Over the past decade, Chinese trade revenues, savings and purchases of US debt increased. Low interest rates encouraged US consumers to spend and housing prices soared. But such imbalances could not be sustained and financial instruments containing mortgages for homes that have lost their value, have proven toxic for the world. Economists and central bankers are still struggling to find a way out of the subprime mortgage crisis. If Japan’s lost decade offers lessons, then deflation must be averted at all costs if there is to be hope for a recovery.. But for the long-run, one magical phrase emerges from experts and that’s “stricter regulations for the banking industry.” Once governments succeed in restoring consumer and investor confidence, they should focus on designing regulations that encourage responsibility and a long-term outlook. Furthermore, policymakers have to recognize the need for global oversight of the banking industry, either by strengthening existing institutions or by creating new international authorities. The timing of the rescue is uncertain, and the certainty of its efficacy remains in question. To put the matter in historical perspective, there is still no consensus on whether government spending policies of Franklin D. Roosevelt or increased demand for goods created by Second World War pulled the United States out of the Great Depression. One certainty for this crisis: there are no localized solutions for a problem that extends throughout the world.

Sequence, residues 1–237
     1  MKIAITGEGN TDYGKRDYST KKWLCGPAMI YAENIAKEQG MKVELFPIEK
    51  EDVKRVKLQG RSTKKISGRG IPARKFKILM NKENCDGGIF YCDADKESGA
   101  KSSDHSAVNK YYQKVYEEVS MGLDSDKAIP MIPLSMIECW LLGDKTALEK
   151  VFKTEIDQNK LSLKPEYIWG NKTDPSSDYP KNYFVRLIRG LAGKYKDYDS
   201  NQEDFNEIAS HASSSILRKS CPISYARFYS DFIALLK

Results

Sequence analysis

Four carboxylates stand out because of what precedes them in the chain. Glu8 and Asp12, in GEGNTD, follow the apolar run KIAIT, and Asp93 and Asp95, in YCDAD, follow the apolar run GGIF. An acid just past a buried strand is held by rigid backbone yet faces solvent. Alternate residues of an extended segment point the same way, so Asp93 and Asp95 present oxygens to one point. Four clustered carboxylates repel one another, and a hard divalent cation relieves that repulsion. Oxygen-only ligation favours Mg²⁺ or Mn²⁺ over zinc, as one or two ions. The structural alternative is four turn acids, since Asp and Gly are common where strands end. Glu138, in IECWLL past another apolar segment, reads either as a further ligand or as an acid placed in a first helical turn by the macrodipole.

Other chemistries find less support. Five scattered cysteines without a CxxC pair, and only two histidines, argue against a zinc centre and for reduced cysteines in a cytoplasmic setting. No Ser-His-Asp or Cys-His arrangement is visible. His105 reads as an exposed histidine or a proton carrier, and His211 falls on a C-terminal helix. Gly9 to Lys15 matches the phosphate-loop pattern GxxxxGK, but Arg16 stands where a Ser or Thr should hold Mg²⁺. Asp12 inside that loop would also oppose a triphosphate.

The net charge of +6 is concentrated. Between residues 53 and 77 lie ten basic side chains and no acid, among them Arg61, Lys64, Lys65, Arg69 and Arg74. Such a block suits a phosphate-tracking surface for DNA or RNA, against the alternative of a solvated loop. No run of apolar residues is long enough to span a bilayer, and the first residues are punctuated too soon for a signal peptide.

The Rising Burden of Government Debt

Advanced economies borrow more than emerging markets – and jeopardize global financial stability
Eswar Prasad, Mengjie Ding
December 29, 2010

Our Dickensian Economy

US policies support the haves over growing ranks of have-nots
Alan S. Blinder
December 21, 2010

Brace for Change as the Global Economic Order Crumbles

Nations, balking at global governance, may be shocked into cooperation by future chaos
Jeffrey E. Garten
December 13, 2010

Global Bond Rout Deepens on US Fiscal Worries

Rising US spending and debt trouble global investors
Ambrose Evans-Pritchard
December 10, 2010

Why the Financial Crisis and What Is the Way Out

Causes and solutions in dealing with the financial crisis
Carmen Reinhart
October 7, 2010

Taking Harder Stance Toward China, Obama Lines Up Allies

The US-China economic relationship often appears more acrimonious than it really is
Mark Landler, Sewell Chan
November 22, 2010

If You Thought the Bank Bailout Was Bad, Wait Until the Mortgage Defaults Hit Home

A bailout of bondholders calmed international markets, but will lead to mortgage defaults
Morgan Kelly
November 16, 2010